A strange, but refreshing phenomenon is taking place in our country. If you watch the news, read the newspaper, or pick up copies of your favorite magazine at the grocery store then you are being bombarded with stories about faith, God, and prayer. We’re not talking about writers and speakers like Rev. Billy Graham, Bishop T.D. Jakes, or Pastor Chuck Swindoll talking about God. People like Peter Jennings, Katie Couric on the NBC Morning Show, and columnists like Kathleen Parker are sharing their own thoughts as they reflect on the tragedy that has struck our land. They are interviewing men and women from across our country who are seeking God in these desperate times. They are reflecting on how this tragedy has caused them to think about what truly matters in life. Kathleen Parker wrote a piece for USA Today this week that sounds more like a Sunday sermon than it does a column from a national newspaper. She writes, in her article, God, Country Gain Fragile New Toehold,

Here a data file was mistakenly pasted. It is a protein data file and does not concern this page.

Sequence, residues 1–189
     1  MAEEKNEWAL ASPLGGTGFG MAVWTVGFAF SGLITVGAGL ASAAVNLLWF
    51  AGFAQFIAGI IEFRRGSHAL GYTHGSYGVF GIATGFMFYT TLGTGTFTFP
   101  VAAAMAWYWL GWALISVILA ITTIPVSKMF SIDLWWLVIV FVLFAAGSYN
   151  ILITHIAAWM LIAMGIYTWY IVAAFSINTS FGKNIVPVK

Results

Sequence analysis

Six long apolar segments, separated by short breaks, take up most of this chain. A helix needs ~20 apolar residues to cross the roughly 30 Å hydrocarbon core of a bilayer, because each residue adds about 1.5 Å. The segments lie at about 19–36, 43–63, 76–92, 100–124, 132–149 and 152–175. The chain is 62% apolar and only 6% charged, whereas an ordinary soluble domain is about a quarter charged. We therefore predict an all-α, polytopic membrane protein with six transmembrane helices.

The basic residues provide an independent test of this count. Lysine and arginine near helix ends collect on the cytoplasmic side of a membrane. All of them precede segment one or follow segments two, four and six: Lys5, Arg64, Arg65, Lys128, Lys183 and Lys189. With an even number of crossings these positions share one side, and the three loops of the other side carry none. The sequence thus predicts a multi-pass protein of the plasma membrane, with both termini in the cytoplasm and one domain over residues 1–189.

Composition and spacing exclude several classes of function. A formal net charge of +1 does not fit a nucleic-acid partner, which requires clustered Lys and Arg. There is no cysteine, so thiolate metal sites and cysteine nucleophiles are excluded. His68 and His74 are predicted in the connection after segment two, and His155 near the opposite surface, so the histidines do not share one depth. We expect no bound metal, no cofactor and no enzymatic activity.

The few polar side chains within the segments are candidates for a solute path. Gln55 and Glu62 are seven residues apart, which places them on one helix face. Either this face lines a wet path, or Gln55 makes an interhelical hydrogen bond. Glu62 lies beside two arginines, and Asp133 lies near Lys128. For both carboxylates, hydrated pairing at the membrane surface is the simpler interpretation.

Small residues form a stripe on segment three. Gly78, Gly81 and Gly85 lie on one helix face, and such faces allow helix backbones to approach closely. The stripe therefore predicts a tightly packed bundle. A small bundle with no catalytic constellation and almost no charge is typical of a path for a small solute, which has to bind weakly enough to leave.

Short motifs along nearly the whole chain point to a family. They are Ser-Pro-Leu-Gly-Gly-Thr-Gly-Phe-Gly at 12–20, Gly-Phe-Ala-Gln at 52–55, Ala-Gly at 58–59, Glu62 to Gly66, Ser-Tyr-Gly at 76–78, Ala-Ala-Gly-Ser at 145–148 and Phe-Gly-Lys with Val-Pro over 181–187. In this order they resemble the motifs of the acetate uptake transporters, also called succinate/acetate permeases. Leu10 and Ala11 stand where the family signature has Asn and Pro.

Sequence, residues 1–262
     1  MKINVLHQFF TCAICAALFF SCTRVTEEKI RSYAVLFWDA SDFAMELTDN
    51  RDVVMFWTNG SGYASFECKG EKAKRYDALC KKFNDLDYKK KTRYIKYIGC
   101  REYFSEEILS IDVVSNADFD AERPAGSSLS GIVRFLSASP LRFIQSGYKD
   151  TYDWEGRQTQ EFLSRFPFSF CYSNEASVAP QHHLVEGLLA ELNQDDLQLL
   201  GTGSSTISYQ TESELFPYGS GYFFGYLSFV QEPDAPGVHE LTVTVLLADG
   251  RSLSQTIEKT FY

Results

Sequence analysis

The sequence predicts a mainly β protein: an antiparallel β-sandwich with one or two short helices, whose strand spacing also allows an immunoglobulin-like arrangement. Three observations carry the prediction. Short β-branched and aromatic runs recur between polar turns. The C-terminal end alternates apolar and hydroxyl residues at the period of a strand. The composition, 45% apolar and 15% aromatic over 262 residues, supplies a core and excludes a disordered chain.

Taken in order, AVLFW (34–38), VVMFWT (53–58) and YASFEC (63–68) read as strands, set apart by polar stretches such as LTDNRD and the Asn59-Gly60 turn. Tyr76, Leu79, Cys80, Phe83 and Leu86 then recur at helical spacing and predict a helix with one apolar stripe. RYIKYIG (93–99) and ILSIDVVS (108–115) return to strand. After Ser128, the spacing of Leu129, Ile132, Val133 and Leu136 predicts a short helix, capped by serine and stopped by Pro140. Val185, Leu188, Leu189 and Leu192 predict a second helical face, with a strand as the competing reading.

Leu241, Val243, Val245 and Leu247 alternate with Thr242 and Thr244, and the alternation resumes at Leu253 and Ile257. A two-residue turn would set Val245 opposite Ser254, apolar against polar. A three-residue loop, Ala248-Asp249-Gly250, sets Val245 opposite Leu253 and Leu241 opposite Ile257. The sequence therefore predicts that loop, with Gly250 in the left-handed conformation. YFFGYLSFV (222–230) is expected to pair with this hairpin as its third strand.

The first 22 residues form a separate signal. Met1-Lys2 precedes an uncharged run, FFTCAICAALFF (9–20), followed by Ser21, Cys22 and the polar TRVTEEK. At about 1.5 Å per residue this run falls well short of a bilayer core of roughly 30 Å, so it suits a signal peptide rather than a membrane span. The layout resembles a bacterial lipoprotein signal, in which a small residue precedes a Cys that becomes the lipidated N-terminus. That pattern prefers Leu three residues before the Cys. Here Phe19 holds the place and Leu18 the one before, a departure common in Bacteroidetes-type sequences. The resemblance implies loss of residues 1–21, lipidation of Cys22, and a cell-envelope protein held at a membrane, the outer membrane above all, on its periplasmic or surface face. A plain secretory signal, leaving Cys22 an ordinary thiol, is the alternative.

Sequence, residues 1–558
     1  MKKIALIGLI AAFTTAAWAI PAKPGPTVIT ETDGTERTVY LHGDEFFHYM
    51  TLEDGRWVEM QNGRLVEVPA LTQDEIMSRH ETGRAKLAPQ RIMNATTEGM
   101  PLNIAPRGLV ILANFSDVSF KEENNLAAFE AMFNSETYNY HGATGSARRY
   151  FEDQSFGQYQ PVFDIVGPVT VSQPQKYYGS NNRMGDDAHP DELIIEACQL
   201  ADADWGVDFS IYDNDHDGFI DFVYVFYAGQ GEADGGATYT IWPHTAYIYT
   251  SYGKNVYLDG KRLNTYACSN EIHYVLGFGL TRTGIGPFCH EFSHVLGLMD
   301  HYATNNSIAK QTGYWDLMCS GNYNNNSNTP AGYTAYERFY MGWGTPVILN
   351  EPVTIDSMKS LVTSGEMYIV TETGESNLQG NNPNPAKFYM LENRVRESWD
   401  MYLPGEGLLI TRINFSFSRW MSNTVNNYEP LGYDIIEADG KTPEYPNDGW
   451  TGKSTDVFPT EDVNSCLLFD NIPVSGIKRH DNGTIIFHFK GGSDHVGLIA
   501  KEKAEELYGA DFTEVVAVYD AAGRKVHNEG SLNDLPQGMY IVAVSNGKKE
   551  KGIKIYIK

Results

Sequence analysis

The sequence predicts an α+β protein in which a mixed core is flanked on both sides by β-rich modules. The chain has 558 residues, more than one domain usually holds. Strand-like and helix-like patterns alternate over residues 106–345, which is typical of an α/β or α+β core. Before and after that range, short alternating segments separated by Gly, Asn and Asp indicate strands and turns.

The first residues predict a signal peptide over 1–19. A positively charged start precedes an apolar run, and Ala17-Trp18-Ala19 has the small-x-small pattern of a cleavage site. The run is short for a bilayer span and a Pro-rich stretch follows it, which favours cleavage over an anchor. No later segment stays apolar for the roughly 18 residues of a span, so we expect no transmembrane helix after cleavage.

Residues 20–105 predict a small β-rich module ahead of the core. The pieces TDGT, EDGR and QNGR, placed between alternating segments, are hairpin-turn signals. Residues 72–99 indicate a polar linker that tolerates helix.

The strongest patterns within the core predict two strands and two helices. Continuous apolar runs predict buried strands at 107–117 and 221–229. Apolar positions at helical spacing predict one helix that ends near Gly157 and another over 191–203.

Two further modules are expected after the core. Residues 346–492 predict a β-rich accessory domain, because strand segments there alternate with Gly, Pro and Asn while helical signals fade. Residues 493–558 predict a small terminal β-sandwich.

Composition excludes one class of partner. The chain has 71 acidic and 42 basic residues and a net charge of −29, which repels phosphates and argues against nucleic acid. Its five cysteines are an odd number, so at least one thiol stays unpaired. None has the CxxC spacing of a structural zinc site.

One can’t help notice the silence of atheists these days. Suddenly ”God” is everywhere, as ubiquitous as American flags, spreading — as Dan Rather said in a spasm of simile-rapture to describe rumors following the Sept. 11 attacks — ”like mildew in a damp basement.” War has that effect. There are no atheists in foxholes, we’ve always known. There were none in the World Trade Center on Sept. 11, we can guess. And now there are none anywhere to be found. America today is about God and country, but then it always has been. We just lost track. We lost track when we evicted God from our public institutions and when we stopped honoring our nation with the songs and rituals that defined American childhood until a few decades ago. We of a certain age remember beginning each school day by pledging allegiance to the flag, singing My Country ‘Tis of Thee and, finally, reciting The Lord’s Prayer…Since terrorists brought down the twin towers and part of the Pentagon, we’ve repeatedly witnessed America’s leaders praying, singing, pledging and asking the nation’s citizens to join them. (Kathleen Parker is a syndicated columnist for Tribune Media Services and a member of USA TODAY’s board of contributors.)